Over the years, many have questioned the spoon-fed narrative that Taylor Swift is just a simple country girl whose dreams of big-time stardom came true thanks to a combination of hard work, perseverance, and remarkable talent.
Last year, Swift's first guitar teacher exposed a number of lies about the singer's past that were most likely created by talent agents and record label execs, but have been repeatedly regurgitated by Taylor and the most public members of her inner circle.
Last week, Kanye West attacked Taylor in a song with a disturbingly misogynistic bent, and the usual cast of family members and celebrity friends rushed to her defense.
Even supporters who usually steer clear of the spotlight, such as Taylor's brother, got involved by publicly reprimanding West.
Was Kanye out of line? Absolutely. But now, Swift's camp is experiencing some backlash, as some have argued that Team Taylor is taking a bit too much pleasure in publicly bashing a man who seems to be in the midst of an emotional breakdown.
Regardless of whether or not that's true, the feud is inarguably more complex than it initially seemed.
There is not, as many once thought, a clear winner here, even if a recent survey by Nielsen reflects that Taylor is far more popular than West amongst music fans.
In an opinion piece published by The Daily Beast yesterday, writer Marlow Stern argues that the results of the survey should surprise no one.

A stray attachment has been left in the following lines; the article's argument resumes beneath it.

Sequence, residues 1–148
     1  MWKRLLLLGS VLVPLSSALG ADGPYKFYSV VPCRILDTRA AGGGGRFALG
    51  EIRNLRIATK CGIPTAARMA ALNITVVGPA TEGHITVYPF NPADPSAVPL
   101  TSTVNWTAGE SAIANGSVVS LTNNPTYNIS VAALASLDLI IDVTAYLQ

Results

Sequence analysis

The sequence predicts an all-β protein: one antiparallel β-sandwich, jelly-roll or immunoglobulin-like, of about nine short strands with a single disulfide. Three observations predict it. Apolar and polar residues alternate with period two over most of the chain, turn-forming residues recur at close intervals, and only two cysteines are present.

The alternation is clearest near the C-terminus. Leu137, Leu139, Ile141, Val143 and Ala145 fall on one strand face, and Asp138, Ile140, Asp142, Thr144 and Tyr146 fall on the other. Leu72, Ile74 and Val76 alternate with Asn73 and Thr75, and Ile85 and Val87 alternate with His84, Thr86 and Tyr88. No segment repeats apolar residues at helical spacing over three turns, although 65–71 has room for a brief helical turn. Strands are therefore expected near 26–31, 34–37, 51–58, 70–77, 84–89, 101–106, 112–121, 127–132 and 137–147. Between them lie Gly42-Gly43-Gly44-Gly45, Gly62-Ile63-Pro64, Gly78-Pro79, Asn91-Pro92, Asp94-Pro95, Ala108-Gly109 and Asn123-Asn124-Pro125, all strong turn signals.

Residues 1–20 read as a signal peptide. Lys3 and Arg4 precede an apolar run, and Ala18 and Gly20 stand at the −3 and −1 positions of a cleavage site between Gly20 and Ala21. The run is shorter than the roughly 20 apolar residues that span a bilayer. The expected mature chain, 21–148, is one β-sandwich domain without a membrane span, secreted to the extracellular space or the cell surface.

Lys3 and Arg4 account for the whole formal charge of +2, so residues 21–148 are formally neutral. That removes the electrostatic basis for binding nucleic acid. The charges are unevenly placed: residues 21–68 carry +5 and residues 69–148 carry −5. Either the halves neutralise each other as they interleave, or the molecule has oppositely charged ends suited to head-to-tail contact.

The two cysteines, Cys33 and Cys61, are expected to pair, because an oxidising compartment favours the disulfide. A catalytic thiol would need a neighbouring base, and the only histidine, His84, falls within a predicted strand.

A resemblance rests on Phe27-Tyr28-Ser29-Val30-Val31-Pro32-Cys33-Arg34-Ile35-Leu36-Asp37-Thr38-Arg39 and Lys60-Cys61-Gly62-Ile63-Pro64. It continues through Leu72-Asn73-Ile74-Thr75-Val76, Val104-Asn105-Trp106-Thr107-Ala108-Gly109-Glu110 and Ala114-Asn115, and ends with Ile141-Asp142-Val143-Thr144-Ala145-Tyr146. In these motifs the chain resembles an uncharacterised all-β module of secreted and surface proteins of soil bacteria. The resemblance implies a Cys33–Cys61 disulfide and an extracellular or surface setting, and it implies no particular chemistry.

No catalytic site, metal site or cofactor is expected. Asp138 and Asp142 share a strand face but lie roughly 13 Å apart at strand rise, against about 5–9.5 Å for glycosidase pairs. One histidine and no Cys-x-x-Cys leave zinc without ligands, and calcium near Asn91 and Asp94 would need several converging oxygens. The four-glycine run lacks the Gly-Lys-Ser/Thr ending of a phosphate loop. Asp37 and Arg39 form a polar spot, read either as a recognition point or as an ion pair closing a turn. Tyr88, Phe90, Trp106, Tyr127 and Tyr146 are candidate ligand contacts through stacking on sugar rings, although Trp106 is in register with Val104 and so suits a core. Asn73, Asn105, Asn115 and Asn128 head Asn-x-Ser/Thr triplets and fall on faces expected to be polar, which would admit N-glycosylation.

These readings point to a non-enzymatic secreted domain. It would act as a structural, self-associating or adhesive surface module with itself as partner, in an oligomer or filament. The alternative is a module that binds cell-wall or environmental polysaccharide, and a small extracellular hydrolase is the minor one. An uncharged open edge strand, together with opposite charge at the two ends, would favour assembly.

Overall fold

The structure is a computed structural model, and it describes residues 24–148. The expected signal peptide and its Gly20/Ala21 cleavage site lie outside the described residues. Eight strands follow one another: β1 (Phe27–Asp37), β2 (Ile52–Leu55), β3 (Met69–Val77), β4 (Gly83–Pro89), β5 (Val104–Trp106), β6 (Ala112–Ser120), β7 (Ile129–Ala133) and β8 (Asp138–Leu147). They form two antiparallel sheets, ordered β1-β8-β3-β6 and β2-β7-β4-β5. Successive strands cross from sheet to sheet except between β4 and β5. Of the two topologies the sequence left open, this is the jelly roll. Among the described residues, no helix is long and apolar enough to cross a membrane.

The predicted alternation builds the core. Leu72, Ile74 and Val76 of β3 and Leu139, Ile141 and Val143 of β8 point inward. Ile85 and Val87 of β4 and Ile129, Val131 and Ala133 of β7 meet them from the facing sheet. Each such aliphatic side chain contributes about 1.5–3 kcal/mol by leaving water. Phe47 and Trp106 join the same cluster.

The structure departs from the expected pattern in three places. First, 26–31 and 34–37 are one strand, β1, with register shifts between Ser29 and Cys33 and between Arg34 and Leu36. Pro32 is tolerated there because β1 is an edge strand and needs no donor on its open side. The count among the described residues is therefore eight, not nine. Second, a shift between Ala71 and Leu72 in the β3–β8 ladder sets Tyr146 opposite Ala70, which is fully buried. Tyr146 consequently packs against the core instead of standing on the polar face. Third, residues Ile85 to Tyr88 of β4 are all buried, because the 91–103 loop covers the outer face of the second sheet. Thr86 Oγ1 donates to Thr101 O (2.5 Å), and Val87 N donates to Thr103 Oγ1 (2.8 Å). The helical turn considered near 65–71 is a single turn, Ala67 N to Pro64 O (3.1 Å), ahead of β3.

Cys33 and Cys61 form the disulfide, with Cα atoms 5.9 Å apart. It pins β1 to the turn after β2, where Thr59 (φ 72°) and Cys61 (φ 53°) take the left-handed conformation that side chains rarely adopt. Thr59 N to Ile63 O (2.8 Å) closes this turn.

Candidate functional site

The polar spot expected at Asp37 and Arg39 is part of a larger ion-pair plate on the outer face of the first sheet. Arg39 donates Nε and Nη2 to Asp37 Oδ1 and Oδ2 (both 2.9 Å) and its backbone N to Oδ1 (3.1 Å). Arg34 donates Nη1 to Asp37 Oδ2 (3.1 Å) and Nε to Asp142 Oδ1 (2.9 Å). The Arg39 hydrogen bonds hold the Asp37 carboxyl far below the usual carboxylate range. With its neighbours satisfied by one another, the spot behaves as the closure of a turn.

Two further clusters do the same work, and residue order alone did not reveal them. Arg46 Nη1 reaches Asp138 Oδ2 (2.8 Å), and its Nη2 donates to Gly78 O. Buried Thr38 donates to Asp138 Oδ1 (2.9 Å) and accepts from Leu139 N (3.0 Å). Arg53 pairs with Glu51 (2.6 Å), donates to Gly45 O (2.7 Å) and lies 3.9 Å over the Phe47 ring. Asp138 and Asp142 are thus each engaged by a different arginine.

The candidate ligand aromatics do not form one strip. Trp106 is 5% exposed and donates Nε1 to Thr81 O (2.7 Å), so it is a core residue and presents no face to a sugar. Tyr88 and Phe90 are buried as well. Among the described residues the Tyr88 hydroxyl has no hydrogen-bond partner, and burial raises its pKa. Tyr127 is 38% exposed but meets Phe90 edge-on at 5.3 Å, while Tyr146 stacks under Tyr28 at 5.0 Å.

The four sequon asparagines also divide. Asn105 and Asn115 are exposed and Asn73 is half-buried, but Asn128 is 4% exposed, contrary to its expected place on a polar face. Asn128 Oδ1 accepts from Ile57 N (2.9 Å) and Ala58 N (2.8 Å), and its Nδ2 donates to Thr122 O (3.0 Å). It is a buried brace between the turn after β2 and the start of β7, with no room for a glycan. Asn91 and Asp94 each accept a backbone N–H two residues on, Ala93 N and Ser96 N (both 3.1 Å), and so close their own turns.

Despite what we've been told about Swift beating the odds as the ultimate underdog, Stern writes, she is the product of incredible wealth and privilege, a fact that should maybe make us think twice before we applaud her takedown of a self-made black man from Chicago's Southside:
"According to the Swift fairy tale, she is the consummate underdog, an outsider who grew up on a Christmas tree farm and was mercilessly bullied and rejected, but never gave up on her dream of music superstardom.
"That Christmas tree farm Swift grew up on in Pennsylvania was actually purchased from one of Swift’s father’s clients (and the family summered at their oceanfront mansion in Stone Harbor, New Jersey).
"You see, Swift’s father is a very wealthy senior vice president at Merrill Lynch—and the descendant of three generations of bank presidents—while her mother worked at a mutual fund and is the daughter of a rich oilman."
Stern goes on to argue that Taylor has spent years perfecting her persona as "the unpopular geek who deserves your sympathy…while modeling for Abercrombie & Fitch in the eighth grade."
According to Stern and several others who have studied Swift's career, positioning herself as the victim is a strategy that Taylor has used in everything from her feud with Katy Perry to her indignant response to jokes made by Tina Fey and Amy Poehler at the 2013 Golden Globes.
Obviously, Taylor has a right to defend herself when she feels she's being attacked, and Kanye's remarks were incredibly offensive.
Still, it's not hard to see why some believe that the feud-happy singer has reached a point in her career where she should be left to fight her own battles - and should perhaps be more selective when choosing said battles.